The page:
Governments could also reduce food wastage using blockchain. By tracking the last available record of a particular NFT’s interaction with the blockchain, authorities could identify the stages of the supply chain at which food fails to reach consumers. This could then inform the redesign of food systems to mitigate losses.
While such a full-fledged agrifood blockchain solution has not yet been built, the Canadian government has piloted an NFT credential that chronologically logs civil servants’ qualifications (Leal 2019). A similar design could track food products’ movements through the supply chain, ensuring that the food consumers consume can be verified as unadulterated.
Protecting farmers from exploitation
Another challenge on the producer side is the exploitation of contract farmers due to corporations’ excessive monopoly power (Sivaramakrishna and Jyotishi 2008). Sharma (2014) found that contract farmers surveyed in Punjab, India, had no legal recourse for contractual disputes. The problem similarly exists in most of the world’s developing regions. This could be circumvented using blockchain-based “smart contracts.” Farmers could jointly participate in a decentralized blockchain network governing a smart contract that specifies conditions like price and expected output. Should these conditions be met, the transaction would be verified across the blockchain and executed automatically. Errant corporations could not withhold payment from farmers or arbitrarily reduce prices. Simultaneously, they would be assured that payment would only be made if the agreed terms were met. This democratizes the food supply chain and enhances farmers’ income security.
Smart contracts are already utilized in the agricultural sector. Insurance providers like Arbol store real-time weather and pricing information on the blockchain, allowing farmers to enter transparent contracts without intermediaries (Xiong et al. 2020). By extending this to contract farming and other areas, governments could play a more indirect role in providing policy guidance, with the ability to monitor to ensure that farmers are offered fair terms with informed consent and impose sanctions and remedies when lapses are discovered.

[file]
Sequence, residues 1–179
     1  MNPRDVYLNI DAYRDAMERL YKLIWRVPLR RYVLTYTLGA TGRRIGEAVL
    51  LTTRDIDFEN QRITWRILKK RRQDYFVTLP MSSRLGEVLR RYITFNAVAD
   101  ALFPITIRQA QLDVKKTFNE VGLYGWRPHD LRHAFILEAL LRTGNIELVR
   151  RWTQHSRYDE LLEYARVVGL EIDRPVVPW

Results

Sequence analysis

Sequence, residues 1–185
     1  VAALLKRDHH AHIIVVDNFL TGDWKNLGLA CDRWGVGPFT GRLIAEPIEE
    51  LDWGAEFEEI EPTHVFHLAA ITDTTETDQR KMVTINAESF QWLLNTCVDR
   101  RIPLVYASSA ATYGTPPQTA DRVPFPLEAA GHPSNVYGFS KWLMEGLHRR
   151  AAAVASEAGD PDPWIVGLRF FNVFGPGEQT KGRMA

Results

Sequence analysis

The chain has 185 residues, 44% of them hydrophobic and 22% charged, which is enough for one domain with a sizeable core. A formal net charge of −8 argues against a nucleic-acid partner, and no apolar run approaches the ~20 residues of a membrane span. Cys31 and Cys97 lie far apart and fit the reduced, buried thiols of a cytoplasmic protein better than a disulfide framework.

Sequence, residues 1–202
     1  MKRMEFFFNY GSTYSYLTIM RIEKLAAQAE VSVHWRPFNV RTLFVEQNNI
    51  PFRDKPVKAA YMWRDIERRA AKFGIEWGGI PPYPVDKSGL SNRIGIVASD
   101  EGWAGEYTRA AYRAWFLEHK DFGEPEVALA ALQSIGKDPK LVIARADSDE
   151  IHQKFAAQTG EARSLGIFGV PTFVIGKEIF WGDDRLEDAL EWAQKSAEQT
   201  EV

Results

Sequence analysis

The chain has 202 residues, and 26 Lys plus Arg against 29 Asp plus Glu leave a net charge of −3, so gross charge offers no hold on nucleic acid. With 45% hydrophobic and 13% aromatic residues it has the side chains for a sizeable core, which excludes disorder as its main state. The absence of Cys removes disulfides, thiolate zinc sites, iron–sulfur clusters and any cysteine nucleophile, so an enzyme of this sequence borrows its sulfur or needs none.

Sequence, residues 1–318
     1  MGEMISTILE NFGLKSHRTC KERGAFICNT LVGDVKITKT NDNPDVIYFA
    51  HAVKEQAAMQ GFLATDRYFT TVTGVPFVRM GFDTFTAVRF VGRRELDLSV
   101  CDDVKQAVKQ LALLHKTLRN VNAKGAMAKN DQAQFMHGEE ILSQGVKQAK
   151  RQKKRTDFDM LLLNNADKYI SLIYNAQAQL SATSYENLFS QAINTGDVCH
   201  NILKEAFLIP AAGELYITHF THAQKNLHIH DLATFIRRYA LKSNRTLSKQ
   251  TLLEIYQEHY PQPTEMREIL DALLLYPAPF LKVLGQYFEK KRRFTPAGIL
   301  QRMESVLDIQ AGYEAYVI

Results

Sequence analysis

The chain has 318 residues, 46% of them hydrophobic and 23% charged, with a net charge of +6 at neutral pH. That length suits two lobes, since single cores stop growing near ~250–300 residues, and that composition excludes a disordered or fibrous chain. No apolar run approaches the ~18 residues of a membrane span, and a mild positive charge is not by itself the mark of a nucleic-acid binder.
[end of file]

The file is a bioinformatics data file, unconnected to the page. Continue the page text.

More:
Government support is vital
If used effectively, blockchain could be a game-changing solution for improving agrifood supply chain systems. However, as a nascent technology with an evolving security landscape, it will require more rigorous experimentation and testing by the private sector, the academic community, and government organizations. Therefore, it is crucial for governments to increase their participation in blockchain projects, especially given the widespread growth of internet access in Asia, to develop well-designed blockchain solutions for mass deployment for enhancing regional food security.
EnergyTag. 2023. EnergyTag.
Food and Agriculture Organization (FAO). 2022. Exploring Blockchain Technology to Transform Agrifood Systems: Transparency and Traceability Are Key to Climate Action and Inclusive Markets.
Jemima, K. (2022, September 13). A Skeptic’s Guide to Crypto: The Crypto Wild West (Season 3 Episode 5). Tech Tonic. The Financial Times.
Leal, N. 2019. Canada Pilots Blockchain Staff Records. Global Government Forum.
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dos Santos, R. B., N. M. Torrisi, and R. P. Pantoni. 2021. Third Party Certification of Agrifood Supply Chain Using Smart Contracts and Blockchain Tokens. Sensors 21(16): 5307.
Sharma, N. 2014. Contract Farming Practice in Indian Punjab: Farmers’ Perspective. International Journal of Food and Agricultural Economics 2(1): 65–76.
Sheth, P. 2020. 28% of Food Samples Tested in 2018-19 Found to Be Adulterated or Sub-Standard: FSSAI Annual Report. 5 November. CNBC TV18.